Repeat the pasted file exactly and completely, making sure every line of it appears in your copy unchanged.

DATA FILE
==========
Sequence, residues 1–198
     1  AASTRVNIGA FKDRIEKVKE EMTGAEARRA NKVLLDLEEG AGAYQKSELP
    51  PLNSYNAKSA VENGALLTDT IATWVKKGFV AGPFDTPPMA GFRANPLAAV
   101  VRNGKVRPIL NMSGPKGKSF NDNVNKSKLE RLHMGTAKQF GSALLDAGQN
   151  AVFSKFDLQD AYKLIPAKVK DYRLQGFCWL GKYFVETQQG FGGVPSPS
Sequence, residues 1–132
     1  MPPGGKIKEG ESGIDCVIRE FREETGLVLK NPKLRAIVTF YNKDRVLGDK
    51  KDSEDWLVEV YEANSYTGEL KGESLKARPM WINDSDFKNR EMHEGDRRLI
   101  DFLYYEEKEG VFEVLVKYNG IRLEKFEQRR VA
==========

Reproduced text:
Sequence, residues 1–198
     1  AASTRVNIGA FKDRIEKVKE EMTGAEARRA NKVLLDLEEG AGAYQKSELP
    51  PLNSYNAKSA VENGALLTDT IATWVKKGFV AGPFDTPPMA GFRANPLAAV
   101  VRNGKVRPIL NMSGPKGKSF NDNVNKSKLE RLHMGTAKQF GSALLDAGQN
   151  AVFSKFDLQD AYKLIPAKVK DYRLQGFCWL GKYFVETQQG FGGVPSPS
Sequence, residues 1–132
     1  MPPGGKIKEG ESGIDCVIRE FREETGLVLK NPKLRAIVTF YNKDRVLGDK
    51  KDSEDWLVEV YEANSYTGEL KGESLKARPM WINDSDFKNR EMHEGDRRLI
   101  DFLYYEEKEG VFEVLVKYNG IRLEKFEQRR VA